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Compared to the U.S. dollar, the euro has been on a rollercoaster ride for much of 2016. At the start of 2016, one euro would get you $1.08 U.S. Today, one euro will net you $1.12 U.S.Even though the U.S. economy is larger than the 28 member states that make up the eurozone, the euro tends to be a stronger currency because the region is more multinational and there is higher demand for the euro. And, as we have seen, central bank policies can manipulate a currency to make it more attractive for trade.

The Euro vs. the U.S Dollar

Between 200 and 2002, the euro fell below the value of the greenback, but thanks to strong economic growth, the euro rebounded, and in July 2011, one euro was worth approximately $1.60 U.S.The strength of the euro against the U.S. dollar is in jeopardy as the economic conditions in the eurozone remain weak, with Germany, the region’s economic engine, stagnating. This comes at a time when the U.S. economy is beginning to show signs of sustainable economic growth.According to Morgan Stanley, Germany, the largest economy in Europe is facing economic headwinds, and the country’s gross domestic product (GDP) is expected to slow for 1.5% in 2016 to just one percent next year. In 2017, Germany’s GDP will trail the broader eurozone with regards to economic growth.1Moreover, the International Monetary Fund (IMF) said it expects the global economy to advance 3.1% in 2016 and expand 3.4% in 2017. The euro area will grow 1.7% in 2016 and slow to 1.5% in 2017. This represents two years of contraction following two percent growth in 2015.2The other major economies in the eurozone are not running on all cylinders either. GDP in France, the second biggest economy in the eurozone came in at 1.3% in 2015 and is projected to stay the same in 2016 and 2017.GDP growth in Italy, the third largest economy, remains moribund, at 0.8% in 2015 and 2016 and just 0.9% in 2017.By comparison, the U.S. economy is expected to advance 1.6% in 2016 and pick up to 2.2% in 2017.Should economic growth in the euro area remain stagnant and the U.S. economy, while subdued, continue its upward trajectory, there is a good chance the euro and U.S. dollar will head to parity. The U.S. dollar could also become stronger than the euro in 2017. The U.S. dollar could also gain against a large number of other currencies.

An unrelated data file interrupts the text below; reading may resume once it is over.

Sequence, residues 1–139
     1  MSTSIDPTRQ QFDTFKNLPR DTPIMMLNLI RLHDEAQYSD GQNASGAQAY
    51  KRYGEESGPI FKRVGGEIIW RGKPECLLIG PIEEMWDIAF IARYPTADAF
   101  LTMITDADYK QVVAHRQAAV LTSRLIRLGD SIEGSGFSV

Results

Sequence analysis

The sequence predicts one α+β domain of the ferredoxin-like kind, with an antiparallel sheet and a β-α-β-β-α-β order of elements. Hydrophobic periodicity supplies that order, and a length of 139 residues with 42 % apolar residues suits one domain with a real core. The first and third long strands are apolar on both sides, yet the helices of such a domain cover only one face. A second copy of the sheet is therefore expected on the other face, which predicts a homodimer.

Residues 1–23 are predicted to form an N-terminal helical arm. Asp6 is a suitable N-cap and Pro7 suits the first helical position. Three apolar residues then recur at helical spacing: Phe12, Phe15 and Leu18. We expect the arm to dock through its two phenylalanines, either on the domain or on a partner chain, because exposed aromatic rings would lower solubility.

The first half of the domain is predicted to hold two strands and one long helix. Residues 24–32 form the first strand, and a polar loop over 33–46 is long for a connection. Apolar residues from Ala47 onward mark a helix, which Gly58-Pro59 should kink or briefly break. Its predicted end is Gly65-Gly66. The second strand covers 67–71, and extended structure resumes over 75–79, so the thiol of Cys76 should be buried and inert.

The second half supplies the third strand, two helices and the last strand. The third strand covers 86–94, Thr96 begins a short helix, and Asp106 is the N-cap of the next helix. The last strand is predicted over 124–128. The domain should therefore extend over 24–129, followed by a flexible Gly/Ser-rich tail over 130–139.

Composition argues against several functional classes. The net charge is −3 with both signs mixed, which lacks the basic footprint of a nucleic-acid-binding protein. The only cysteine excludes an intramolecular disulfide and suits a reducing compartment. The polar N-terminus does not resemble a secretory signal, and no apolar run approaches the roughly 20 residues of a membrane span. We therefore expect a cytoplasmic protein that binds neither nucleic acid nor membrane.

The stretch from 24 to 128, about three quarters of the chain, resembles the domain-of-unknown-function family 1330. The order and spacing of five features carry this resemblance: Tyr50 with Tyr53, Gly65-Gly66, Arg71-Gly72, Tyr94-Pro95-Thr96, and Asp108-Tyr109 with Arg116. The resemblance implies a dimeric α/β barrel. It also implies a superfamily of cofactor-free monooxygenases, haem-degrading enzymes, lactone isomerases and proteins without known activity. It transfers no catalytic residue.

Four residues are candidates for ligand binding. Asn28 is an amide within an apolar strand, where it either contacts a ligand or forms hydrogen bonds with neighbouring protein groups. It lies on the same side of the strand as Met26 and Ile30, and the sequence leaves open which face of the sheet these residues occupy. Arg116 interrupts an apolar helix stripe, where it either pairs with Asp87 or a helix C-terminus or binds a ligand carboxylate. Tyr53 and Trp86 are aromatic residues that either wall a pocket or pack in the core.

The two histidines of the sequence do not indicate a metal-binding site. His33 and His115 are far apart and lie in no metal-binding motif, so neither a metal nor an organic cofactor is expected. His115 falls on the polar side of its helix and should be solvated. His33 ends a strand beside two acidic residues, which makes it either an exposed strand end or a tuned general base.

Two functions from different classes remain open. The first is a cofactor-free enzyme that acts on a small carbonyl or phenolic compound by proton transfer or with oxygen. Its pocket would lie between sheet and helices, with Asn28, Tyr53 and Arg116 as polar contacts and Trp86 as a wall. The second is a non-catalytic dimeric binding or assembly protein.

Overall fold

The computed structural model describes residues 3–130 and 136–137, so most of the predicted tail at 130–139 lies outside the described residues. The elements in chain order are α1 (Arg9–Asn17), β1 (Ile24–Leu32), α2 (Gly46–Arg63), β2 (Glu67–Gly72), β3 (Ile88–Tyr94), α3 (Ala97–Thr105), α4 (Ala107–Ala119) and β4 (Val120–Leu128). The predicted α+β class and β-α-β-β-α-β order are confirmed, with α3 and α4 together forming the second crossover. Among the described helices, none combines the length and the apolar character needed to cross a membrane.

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For investors with a strong understanding of Forex (currency) trading, near-term economic challenges in 2016 and 2017, will translate into a huge number of investing opportunities.The key is to understand how everything from the global economy, to elections, geopolitical tensions, commodity prices, interest rates, and even the weather, can affect currencies.Investors shouldn’t take currency trading lightly. Trading currencies is a lot like trading stocks: the more you understand, the better your chances are at developing a profitable trading strategy. Failing to understand the Forex market could result in a total loss of capital.Led by licensed, industry professionals, Learn-To-Trade.com is the leading and oldest provider of stock market trading courses in Canada. The Forex trading experts at Learn-To-Trade.com will teach you currency trading strategies and how to profit from the volatility of the global markets.You will also learn about a number of other trading strategies, including stock option trading, stock index trading, futures trading, commodities trading, and futures option trading.Learn-To-Trade.com also has a unique Lifetime Membership, which allows you to re-attend any part of the program, as often as you’d like.To learn more about Learn-To-Trade.com’s stock market trading course, contact us at 416-510-5560 or by e-mail at info@learn-to-trade.com. Sources:
  1. Reid, D., “Germany no longer set to drive growth in Europe: Morgan Stanley,” CNBC, September 20, 2016; https://www.cnbc.com/2016/09/20/germany-wont-drive-growth-in-europe-next-year-says-morgan-stanley.html.
  2. “IMF Sees Subdued Global Growth, Warns Economic Stagnation Could Fuel Protectionist Calls,” International Monetary Fund, October 4, 2016; https://www.imf.org/en/News/Articles/2016/10/03/AM2016-NA100416-WEO.